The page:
THE Benguet Electric Cooperative (BENECO) is hiking consumer electricity rates after generation costs have increased.
In August, the more than 140,000 residential consumers under BENECO’s jurisdiction who consume more than 46 kilowatt-hours (kWh) a month will have to pay P9.4007 per kWh.
The rates in June and July were P8.4918 and P8.5989 per kWh, respectively. The bills for BENECO consumers increased by an average of P0.2232 per kWh per month since February of this year.
The price hike is said to be caused by an increase in the cost paid to Team Energy, the power generation company that runs the coal fired power plant in Sual, Pangasinan where Beneco’s power supply comes from.
The price of electricity in the past year was lower due to global coal costs dropping due to the COVID-19 pandemic. According to BENECO General Manager Melchor Licoben, the gradual revival of businesses and industries as the world reopened economies also increased demand, and subsequently prices, of coal globally. The increased demand for power pushed coal prices high this year, thus breaching the coal bandwidth between Beneco and Team.
The Beneco and Team contract provides that the generation cost from Jan. to June will be P3.85 per kwh and from July to Dec., P3.80 per kwh.
“The generation cost will then be rebased, meaning the formula for its computation will be adjusted to absorb the index prices,” Licoben said, adding that the generation cost eats up more than 50% of the power bill.
BENECO consumers will also have to pay P0.0696 per kWh for incremental currency exchange rate adjustment (Icera) and P0.1948 for generation rate adjustment mechanism (GRAM), both inclusive of value-added tax.
At the same time, P0.1138 per kWh of the cost increase in August is due to an increase in cost of ancillary services charges, remitted to the National Grid Corporation of the Philippines.
“But the distribution, supply and metering charges have remained. These are the charges that Beneco collects for its operational expenses,” Rowina Damian, BENECO’s rate officer said.
The changes in generation cost remains to be the driver for the increase or decrease of electricity bills issued monthly to member consumers.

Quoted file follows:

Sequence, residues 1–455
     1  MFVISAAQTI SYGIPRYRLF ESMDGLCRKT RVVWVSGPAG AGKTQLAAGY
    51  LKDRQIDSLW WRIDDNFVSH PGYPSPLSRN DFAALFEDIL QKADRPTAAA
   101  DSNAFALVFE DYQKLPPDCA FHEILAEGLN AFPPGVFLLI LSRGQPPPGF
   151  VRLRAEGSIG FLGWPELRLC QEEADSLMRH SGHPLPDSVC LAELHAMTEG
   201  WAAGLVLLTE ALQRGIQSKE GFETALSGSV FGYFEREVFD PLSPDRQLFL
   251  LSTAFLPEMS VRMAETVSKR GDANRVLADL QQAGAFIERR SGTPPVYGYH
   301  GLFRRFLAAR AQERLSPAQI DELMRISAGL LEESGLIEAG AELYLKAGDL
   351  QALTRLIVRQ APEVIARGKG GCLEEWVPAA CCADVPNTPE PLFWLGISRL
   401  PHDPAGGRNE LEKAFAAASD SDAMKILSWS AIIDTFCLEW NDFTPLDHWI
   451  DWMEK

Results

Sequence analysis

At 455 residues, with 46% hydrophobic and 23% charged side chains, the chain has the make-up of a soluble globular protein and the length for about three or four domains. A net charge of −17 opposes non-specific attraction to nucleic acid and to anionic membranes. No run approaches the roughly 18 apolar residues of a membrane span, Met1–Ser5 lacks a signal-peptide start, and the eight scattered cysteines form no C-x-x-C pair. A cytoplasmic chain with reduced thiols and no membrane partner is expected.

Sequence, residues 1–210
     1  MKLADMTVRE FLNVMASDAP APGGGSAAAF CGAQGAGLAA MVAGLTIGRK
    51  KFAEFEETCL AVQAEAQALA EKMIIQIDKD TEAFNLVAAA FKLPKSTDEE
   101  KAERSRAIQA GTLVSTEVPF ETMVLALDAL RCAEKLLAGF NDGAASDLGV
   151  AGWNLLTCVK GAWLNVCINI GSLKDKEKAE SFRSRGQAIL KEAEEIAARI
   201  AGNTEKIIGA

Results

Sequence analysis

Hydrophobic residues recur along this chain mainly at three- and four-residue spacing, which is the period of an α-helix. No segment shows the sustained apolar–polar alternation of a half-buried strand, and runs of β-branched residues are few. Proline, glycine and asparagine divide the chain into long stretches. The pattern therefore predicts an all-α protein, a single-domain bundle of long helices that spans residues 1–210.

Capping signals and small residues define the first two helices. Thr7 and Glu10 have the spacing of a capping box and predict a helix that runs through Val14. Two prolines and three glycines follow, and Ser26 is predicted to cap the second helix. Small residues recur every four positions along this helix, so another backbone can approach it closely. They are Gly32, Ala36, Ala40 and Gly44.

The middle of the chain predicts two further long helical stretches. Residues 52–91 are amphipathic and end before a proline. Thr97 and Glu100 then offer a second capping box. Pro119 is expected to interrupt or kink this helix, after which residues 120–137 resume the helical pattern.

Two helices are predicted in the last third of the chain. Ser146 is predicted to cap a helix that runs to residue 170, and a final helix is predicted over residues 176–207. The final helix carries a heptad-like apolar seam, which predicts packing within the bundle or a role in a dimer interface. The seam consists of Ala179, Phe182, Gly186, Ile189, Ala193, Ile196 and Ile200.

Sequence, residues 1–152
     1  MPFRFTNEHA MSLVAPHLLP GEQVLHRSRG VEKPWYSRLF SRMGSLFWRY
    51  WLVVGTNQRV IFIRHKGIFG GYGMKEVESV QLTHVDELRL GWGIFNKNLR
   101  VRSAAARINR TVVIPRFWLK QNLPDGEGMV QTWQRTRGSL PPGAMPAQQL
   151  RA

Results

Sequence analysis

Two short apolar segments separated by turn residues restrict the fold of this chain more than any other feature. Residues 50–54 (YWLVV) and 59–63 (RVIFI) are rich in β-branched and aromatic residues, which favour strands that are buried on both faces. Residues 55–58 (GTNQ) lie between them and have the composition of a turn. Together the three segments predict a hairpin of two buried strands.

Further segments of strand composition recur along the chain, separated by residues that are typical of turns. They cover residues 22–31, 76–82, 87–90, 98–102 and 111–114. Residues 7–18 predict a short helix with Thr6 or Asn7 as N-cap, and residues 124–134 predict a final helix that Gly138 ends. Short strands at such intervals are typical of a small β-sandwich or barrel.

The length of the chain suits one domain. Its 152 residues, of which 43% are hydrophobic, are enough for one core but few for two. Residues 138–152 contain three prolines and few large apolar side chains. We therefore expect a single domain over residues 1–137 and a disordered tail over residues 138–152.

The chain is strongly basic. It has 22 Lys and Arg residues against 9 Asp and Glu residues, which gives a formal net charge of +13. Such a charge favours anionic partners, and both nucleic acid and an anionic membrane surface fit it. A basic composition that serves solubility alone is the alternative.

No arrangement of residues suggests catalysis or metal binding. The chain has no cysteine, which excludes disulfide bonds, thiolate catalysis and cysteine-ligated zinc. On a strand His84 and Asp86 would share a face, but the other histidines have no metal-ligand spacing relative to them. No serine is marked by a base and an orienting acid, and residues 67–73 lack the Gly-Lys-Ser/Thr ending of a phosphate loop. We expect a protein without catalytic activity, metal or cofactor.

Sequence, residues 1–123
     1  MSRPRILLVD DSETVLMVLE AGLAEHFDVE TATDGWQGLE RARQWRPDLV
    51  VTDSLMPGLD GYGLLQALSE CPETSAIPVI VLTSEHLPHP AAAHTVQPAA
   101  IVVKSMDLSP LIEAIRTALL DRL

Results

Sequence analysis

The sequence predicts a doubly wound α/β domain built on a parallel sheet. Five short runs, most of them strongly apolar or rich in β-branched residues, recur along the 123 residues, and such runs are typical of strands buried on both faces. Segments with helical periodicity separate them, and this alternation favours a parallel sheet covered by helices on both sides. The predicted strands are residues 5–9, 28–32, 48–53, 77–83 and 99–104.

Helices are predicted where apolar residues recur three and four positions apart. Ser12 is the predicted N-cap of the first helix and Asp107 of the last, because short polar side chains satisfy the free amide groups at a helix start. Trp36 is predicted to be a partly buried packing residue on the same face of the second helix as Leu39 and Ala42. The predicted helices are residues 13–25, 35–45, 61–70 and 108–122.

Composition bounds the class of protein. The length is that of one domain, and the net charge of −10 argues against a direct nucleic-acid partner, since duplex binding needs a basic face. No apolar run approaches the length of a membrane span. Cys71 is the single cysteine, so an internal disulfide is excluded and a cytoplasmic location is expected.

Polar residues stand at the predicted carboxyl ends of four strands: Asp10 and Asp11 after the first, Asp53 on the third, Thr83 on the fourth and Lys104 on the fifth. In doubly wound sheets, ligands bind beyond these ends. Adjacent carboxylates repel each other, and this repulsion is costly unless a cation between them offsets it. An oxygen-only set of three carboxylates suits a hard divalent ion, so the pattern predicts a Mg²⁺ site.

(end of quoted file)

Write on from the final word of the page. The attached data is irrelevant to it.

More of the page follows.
Licoben said the uptick in the generation charge on a monthly basis is legally allowed even without approval by the Energy Regulatory Commission (ERC) compared to the other components of the electric bill.
Licoben said the generation sector is by law recognized as a deregulated sector of the power industry pursuant to the Electric Power Industry Reform Act (EPIRA). “This means that there is no need for ERC approval of the generation cost since it is governed by the contract between the power supplier and the distribution utility,” he said.
The contract includes terms and variations based on foreign exchange rate and fuel costs whose price changes are indexed in a pre-agreed formula, Licoben said.
Beneco, just like other ECs, will have to pass such cost and its adjustments to the consumers as the cost is deemed a “pass through” charge, or one that Beneco as a distribution utility, will have to collect as a collecting agent for the power supplier.
The RFSC and DSM are Beneco’s “pass on” charges to the consumers or the charges that it collects and retains for its operations and capital outlays.
Licoben said that compared to the generation charge, the RFSC and DMS charges cannot be changed at the will of the electric cooperative since the distribution sector is a regulated sector of the power industry where any change to such bill components must be approved by the ERC.
“The volatility of global coal prices will definitely affect the generation charge of distribution utilities. Our power supply agreement with Team was very attractive as it gave Beneco the lowest power cost for the last three years,” Licoben said. – with a report from Delmar Carino